“I recall the time that I was in British Columbia participating in a wilderness retreat. On the first evening that our group gathered, we listened to the wilderness advice of a wise forest ranger named Ferguson. He warned us about taking necessary clothing and provisions in our packs, about staying on the trails, and what to do it we were to get lost. ‘If you get lost,’ he said, ‘don’t try to keep finding the way out. [Stay put.] Wait for someone to come and show you the way home. Whatever you do, don’t panic.’ The ranger assured us that he and his associate knew those paths well and that they would come and find us. He also commented that getting lost and waiting to be found could be an ‘exalted’ thing; one could get in touch with the woods and earth, really look and see in a way that one would not when hiking busily down the trail. . . . Years later, I realized how wise the ranger’s advice was, not only for hikers, but also for midlife journeyers. I have gotten lost in the mystery of who I am. I have needed a wise companion to help me find the way home to my true Self. I had to learn how to trust another with my lostness. . . . And, yes, it has been a most exalted time when I stopped to look deep and long at my inner world. I saw things that I missed entirely when I was fully in control, rushing down the trail of life.” Joyce Rupp
“Cease striving and know that I am God;
I will be exalted among the nations,
I will be exalted in the earth.”
Psalm 46:10 NASV
Moving From the Head to the Heart
- What might you have failed to see while “rushing down the trail of life?”
- What will it take to slow you down? Will it require some great loss?
- Is routinely missing what is precious, important or “exalted” acceptable to you?
- Do you give excuses for not slowing down? Have you genuinely tried it?
Abba, it’s all about the striving. Help me to reject the striving.
For more: Dear Heart, Come Home by Joyce Rupp
and my new book:
Wisdom From the Margins: Daily Readings (click link)
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“Job, and even more his friends, are models of ideological certitude. That kind of moral certitude, however, does not matter ultimately because we are not saved by our virtue. No one can stand in the face of the whirlwind on a soap-box of virtue. …Job learned what we all learn sooner or later. Virtue does not suffice. Integrity does not give life. Being right is no substitute for being amazed. Controlling will not substitute for yielding in awe and wonder and amazement. The shift to Job’s other language is practically urgent, as it is theologically imperative. The shift to doxology as a mode of life is theologically imperative because praise breaks our terrible idolatries. We live in a society of preferred virtues or convinced moralities, or exacting, relentless idolatries. As with Job, these idols of self-congratulations block healing, make us falsely at ease, prevent transformation, and reduce life to a set of slogans and technologies. The alternative good news of the poem [the book of Job] is that we are made for a second conversation that surprises us and that we can never anticipate. After our earnest behavior, we are invited to doxological yielding. The shift in language destabilized us, puts us at risk, debunks our control, eases our need to dominate, and lets us yield without pouting, submit without resentment, and receive as gift a new restlessness that is communion and praise. After the yielding lyric, we are like Job. We still must go home and live as virtuously as possible. We have, however, been decisively intruded upon, invaded, overwhelmed, reduced to stunned silence, taken seriously by eternity, and finally, like Job approved in our virtue (42:7-8).” Walter Brueggemann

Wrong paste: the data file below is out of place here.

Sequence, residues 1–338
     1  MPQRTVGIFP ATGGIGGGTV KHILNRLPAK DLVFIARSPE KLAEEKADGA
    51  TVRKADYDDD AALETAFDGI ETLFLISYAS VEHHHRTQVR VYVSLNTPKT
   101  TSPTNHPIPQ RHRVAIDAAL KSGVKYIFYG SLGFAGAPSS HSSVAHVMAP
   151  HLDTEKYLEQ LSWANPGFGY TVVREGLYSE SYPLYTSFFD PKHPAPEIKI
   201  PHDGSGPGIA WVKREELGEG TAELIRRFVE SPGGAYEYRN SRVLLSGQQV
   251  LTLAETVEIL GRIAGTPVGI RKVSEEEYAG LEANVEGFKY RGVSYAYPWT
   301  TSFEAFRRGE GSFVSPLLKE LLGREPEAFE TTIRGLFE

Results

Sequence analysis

“I take back everything I said,
and I sit in dust and ashes
to show my repentance.”
Moving From the Head to the Heart
- If someone as admirable and exceptional as Job needed a “conversation” with God to change him and his perspective, how much more is this likely true of you or me?
- Has your experience of God ever left you feeling “decisively intruded upon, invaded, overwhelmed, reduced to stunned silence?”
- If not, are you open to an encounter with God that “destabilizes” you, and removes your sense of control, and where you “receive as gift a new restlessness that is communion and praise?”
Abba, in the face of the whirlwind may I never forget the importance of virtue – or the limitations of it in my life with you.
For More: Threat of Life by Walter Brueggemann
These “Daily Riches” are for your encouragement as you seek God and he seeks you. My goal is to share something of unique value with you daily in 400 words or less. Thanks! – Bill (Psalm 90:14)